For months, I’ve been consumed with my latest project:
My fabulous front yard garden.
I’ve researched, I’ve measured, I’ve sketched and planned. I’ve shoveled dirt, I’ve carried rocks, I’ve moved buckets and buckets of soil. I’ve planted, I’ve watered, I’ve problem solved, I’ve watched food grow, I’ve eaten produce from my front yard.
With my trusty helpers, including the 2 year old, we have made my dream a reality and I have to admit I am super proud – giddy even. If you follow my blog, you may remember my post from St. Paul’s Cathedral in London, when I was first inspired to plant the garden. Well, I’m happy to say I DID IT. I did it!!! And if you follow me on Facebook, you’ve been barraged with garden doodles.
In planting, I tried to be responsible – environmentally, economically and practically. After a persistent search, I found an amazing deal on recycled fire bricks ($25 a ton!) to edge my garden. I ordered a huge dump truck load of soil at the best price. I compost and I now own a $40 rain barrel. I ordered non GMO seeds ($.99 sample packs!) from seedsnow.com and they grew. I shop at my local Homewood Garden Shop and have healthy blueberry bushes and lovely plants.
I worked my butt off building and planting this garden.
Beginning at the end of August, in the Alabama heat, I made it happen with my ever-present garden buddy. My kids, especially my son, now understand exactly where food comes from and how to grow it and care for it. My son waters it, pulls grass out of it, harvests the radishes, and takes a walk through it every time I open the door.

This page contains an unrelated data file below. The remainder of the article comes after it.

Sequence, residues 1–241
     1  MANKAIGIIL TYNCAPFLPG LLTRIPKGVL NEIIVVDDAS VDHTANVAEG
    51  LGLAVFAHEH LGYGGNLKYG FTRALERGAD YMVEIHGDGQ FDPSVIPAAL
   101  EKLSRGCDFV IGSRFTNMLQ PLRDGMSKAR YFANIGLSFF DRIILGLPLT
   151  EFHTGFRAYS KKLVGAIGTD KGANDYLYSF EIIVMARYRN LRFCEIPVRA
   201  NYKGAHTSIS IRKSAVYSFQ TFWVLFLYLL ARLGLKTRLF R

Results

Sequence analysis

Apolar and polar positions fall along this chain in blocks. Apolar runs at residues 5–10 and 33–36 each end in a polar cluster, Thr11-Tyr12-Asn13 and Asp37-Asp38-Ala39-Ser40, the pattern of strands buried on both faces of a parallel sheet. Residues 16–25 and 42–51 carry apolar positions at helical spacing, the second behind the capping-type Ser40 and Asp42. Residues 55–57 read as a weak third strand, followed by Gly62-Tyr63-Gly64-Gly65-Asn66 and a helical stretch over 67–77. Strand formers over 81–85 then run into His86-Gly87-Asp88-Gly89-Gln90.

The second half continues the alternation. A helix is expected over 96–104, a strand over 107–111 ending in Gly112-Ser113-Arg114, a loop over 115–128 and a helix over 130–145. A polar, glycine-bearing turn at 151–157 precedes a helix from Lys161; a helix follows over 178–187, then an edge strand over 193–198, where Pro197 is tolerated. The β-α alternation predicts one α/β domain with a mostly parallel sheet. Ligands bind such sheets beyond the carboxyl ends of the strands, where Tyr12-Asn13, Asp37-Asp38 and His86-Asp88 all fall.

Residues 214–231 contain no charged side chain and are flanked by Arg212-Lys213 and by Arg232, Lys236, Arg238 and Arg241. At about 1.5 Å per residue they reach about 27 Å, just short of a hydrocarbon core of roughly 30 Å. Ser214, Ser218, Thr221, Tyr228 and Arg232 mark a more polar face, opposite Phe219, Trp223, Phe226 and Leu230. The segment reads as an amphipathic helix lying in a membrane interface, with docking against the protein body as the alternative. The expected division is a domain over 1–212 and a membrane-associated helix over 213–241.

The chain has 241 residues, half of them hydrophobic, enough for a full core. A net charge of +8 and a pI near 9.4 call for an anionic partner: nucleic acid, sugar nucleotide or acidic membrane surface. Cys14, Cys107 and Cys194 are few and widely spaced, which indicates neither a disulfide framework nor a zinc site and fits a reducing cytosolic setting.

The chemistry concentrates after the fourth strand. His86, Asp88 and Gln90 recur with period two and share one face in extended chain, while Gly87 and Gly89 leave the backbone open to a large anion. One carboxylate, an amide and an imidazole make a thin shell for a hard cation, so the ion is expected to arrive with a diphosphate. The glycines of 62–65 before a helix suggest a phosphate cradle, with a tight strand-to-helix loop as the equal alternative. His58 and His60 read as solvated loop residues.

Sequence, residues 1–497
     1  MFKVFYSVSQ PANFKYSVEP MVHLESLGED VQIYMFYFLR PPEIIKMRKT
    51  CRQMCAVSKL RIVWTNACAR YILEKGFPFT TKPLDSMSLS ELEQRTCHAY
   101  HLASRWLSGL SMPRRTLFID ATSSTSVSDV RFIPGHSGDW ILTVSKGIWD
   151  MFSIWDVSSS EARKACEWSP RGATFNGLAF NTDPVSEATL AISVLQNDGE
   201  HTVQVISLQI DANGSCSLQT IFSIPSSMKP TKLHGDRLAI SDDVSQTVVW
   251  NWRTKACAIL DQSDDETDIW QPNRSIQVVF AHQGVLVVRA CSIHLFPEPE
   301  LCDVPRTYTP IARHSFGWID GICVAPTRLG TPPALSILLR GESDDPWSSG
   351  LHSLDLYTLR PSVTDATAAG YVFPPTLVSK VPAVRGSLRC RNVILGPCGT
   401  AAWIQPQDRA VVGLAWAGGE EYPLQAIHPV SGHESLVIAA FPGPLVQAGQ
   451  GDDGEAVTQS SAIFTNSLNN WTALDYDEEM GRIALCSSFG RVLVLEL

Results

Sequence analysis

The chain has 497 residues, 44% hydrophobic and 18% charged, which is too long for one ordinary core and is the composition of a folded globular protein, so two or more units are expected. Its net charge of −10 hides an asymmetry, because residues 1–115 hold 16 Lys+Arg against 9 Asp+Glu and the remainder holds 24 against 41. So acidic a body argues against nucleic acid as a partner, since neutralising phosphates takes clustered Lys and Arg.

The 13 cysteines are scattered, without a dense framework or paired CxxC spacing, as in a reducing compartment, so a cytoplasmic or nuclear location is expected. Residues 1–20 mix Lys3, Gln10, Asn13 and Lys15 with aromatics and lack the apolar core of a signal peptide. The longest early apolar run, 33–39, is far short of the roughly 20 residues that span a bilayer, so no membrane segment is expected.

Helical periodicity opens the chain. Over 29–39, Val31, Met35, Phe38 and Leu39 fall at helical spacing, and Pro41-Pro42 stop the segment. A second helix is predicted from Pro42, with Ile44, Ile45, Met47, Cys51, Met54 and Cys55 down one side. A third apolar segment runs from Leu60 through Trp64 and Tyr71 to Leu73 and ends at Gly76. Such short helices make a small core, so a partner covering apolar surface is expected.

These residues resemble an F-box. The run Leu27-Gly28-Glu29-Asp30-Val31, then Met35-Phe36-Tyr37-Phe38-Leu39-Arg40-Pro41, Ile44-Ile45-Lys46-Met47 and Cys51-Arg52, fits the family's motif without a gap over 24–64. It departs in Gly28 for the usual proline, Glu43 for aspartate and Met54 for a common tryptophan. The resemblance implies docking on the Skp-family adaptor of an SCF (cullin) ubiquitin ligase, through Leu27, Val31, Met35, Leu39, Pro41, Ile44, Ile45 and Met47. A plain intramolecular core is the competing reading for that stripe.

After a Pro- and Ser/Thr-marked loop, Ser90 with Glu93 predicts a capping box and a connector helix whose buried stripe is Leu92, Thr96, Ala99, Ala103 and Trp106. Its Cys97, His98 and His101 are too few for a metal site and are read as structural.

My garden is planted to grow community.
I didn’t know how that would work, but the first day I was out there I had real conversations with a dozen people, neighbors and passers-by. I share food with my neighbors and have met all sorts of new people. My kids tell anyone who asks about the plants growing, and I find that food is an easy thing to discuss, a common denominator.
My favorite story happened a few weeks ago. As we walked home from school, I began talking to an older lady about rosemary, as our kids were smelling it by someone’s mailbox. I just made a quick comment, not aiming at anything, not trying too hard. A few words later, we were talking about my garden. She was interested and missed her garden, as she said, “in my country, we have sun everyday and I grow many plants.” As we parted ways, I told her to stop by anytime and see the garden and take some herbs.
A week later, she stopped me at the corner with her two grandsons and asked if they could walk down to see the garden. On our short stroll, I find out they are from Haiti, and that her entire family was there during the earthquake except for her. She had arrived in the US four days before the quake for a wedding, and was plagued with anxiety over the separation at such a time. I now know her name, I know a portion of her amazing story, and the kids all ran together along the stepping stones of my garden.
Growing something, overcoming obstacles (like cats, cabbage worms, flooding rains, aphids…), being faithfully attentive and persistent…you learn things from gardening. About life, about children, about the world. I feel at peace and connected to nature when I’m checking the leaves and hearing the spray of water hitting the thick pile of green collards. It is a small miracle to see a snow pea sprout and grow out of the dirt, mere days after planting. There are more benefits to this garden than I can name.
My Garden Doodles thus far: